I remember the night like it was yesterday–December 19, 2010. Ironically, I was watching Knocked Up at home by myself. The week before I took a pregnancy test and it came back negative. A week later though, I still thought something was up. Feeling inspired by the movie, I went into the bathroom and took another pregnancy test. I was expecting another “negative” result and took the test to just ease my mind. “Positive.” I was stunned! Wait…what?! I was going to be a mama. Immediately I held my tummy and cried so many tears of joy! My husband wasn’t home so I sent him a picture of the test and said to call me ASAP! He hadn’t responded yet and I needed to tell someone. I sent the same message to my sister. She called me right away and I was thrilled to share my news. Soon enough, Dan came home and rushed into the house. I looked at him and ran to him with tears in my eyes and said, “You’re going to be a daddy!” Still not convinced enough, I made him take me to the store where I bought four more pregnancy tests to take. Shocker, they all came back positive. (I also made him take me to Culver’s so I could get myself a large hot fudge sundae to celebrate; as if my 3.5 week old fetus had been giving me such strong cravings for ice cream already.) So many thoughts raced through my head as I thought about how our much lives were about to change. I couldn’t believe there was a little life inside of me, and I felt so proud of what we had done.
The next nine months were an incredible journey and what became of it all has certainly changed our lives forever. Here is our story…
Our beautiful daughter Tessa Jo Carey was born on Monday, August 15, 2011 at 12:34 p.m. She weighed 6 pounds, 2 ounces and was 18 ½ inches long. I was 38 weeks pregnant when I woke up on late that Sunday night at 11:45 with strong contractions that were ten minutes apart. By the time we got to Dodgeville about an hour later, they were between two and three minutes apart…and mean! Once they monitored us for another hour, we were admitted to the hospital and told we would not be sent home without a baby in our arms. I remember feeling so excited…and nervous…and scared…and anxious. Mostly, I was so ready to meet our little girl and start our life together! It was finally time and there was no turning back.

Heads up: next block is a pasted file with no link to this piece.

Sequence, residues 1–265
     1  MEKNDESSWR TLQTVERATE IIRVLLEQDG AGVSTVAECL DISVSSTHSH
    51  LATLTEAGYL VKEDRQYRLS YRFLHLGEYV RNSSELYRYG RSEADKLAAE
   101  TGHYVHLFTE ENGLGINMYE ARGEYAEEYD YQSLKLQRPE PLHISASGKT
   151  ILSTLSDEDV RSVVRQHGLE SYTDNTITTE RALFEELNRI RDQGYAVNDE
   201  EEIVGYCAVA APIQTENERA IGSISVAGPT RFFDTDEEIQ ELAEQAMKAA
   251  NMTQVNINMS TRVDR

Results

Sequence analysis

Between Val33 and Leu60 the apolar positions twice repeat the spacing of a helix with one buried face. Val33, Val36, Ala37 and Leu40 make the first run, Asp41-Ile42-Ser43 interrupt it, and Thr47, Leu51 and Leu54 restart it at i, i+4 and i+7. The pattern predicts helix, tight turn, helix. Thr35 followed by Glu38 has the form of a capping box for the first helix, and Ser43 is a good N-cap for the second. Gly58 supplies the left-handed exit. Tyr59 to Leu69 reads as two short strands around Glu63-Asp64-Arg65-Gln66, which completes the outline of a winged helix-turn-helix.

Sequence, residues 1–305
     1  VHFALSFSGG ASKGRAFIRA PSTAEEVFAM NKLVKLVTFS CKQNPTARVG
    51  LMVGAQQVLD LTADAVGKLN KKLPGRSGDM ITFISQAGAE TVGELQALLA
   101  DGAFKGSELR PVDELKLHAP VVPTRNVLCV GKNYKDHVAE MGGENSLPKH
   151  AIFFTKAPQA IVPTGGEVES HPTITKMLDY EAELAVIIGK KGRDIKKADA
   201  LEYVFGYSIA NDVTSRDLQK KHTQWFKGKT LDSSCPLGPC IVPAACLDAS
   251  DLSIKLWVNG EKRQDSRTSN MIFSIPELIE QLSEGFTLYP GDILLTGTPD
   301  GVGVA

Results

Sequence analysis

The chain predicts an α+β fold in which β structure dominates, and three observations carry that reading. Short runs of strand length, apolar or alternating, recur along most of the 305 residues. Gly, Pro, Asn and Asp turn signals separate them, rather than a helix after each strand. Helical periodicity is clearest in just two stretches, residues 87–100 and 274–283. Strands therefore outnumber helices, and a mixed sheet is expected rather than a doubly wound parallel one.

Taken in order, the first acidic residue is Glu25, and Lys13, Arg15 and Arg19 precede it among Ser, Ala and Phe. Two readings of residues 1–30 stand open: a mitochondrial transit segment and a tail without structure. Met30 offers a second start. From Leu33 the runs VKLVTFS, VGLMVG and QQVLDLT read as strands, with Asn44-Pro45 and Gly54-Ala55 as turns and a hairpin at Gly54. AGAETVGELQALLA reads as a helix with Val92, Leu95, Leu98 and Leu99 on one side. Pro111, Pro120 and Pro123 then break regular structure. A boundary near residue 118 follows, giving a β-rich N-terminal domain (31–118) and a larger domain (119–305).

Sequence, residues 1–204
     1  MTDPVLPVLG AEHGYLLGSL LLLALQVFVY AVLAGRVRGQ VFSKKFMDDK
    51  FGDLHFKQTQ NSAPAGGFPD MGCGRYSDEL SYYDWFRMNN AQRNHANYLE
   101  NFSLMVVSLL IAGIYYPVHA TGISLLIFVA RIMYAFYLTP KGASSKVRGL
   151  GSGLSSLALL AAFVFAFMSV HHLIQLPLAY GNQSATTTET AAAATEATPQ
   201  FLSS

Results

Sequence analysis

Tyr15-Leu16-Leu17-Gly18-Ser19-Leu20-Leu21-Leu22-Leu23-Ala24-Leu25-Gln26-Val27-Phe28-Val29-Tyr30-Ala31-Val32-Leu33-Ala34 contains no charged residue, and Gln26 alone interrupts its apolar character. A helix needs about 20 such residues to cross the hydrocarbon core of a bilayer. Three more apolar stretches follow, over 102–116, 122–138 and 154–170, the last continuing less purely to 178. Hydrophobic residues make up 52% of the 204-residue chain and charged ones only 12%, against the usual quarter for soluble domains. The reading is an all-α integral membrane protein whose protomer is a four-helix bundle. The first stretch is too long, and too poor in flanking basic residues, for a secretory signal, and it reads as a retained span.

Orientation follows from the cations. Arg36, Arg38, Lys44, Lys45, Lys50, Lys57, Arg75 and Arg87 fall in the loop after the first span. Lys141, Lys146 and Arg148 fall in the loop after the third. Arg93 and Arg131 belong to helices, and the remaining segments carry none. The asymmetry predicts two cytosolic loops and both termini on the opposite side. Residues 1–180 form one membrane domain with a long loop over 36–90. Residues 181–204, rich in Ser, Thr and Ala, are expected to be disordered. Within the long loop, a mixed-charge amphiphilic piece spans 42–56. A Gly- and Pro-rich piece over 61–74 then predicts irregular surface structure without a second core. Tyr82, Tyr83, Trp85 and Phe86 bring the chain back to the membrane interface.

My contractions were a little too intense and I was slowly progressing after the narcotics. After about eleven hours of mildly stagnant labor, I decided it was time for an epidural. Getting the epidural wasn’t as bad as I thought it would be, especially given my unbelievable fear of needles. At one point, my blood pressure dropped pretty low along with Tessa’s heart rate. I didn’t know what was going on, but I knew it was serious. Suddenly, the nurses and the doctor were scrambling around the room and I was on oxygen. I remember looking at my husband Dan behind all the craziness who looked terrified and had tears in his eyes. He just kept telling me everything would be okay. Eventually they were able to get my blood pressure back to normal and Tessa’s heart rate came back up a bit. It was so scary to not know what was going on as they couldn’t explain everything to you as this was going on because they needed to focus on returning things to normal. By now they had hooked up an electronic fetal monitor to my baby. Her heart rate had been relatively low the last month or so of my pregnancy. My doctor had commented on it a couple of times, but she never felt there was any reason for concern and I guess we didn’t either.